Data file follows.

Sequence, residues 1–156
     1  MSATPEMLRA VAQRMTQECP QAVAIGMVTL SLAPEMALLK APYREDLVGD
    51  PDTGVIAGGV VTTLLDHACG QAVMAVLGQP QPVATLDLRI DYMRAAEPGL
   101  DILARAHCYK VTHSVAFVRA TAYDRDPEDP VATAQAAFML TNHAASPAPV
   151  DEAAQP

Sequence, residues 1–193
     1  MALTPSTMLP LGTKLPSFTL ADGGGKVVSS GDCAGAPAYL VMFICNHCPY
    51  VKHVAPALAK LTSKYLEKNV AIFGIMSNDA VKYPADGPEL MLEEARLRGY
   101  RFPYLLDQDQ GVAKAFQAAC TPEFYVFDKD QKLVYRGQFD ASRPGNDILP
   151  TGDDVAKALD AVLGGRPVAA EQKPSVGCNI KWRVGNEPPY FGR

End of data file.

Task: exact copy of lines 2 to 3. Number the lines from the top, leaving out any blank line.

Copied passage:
     1  MSATPEMLRA VAQRMTQECP QAVAIGMVTL SLAPEMALLK APYREDLVGD
    51  PDTGVIAGGV VTTLLDHACG QAVMAVLGQP QPVATLDLRI DYMRAAEPGL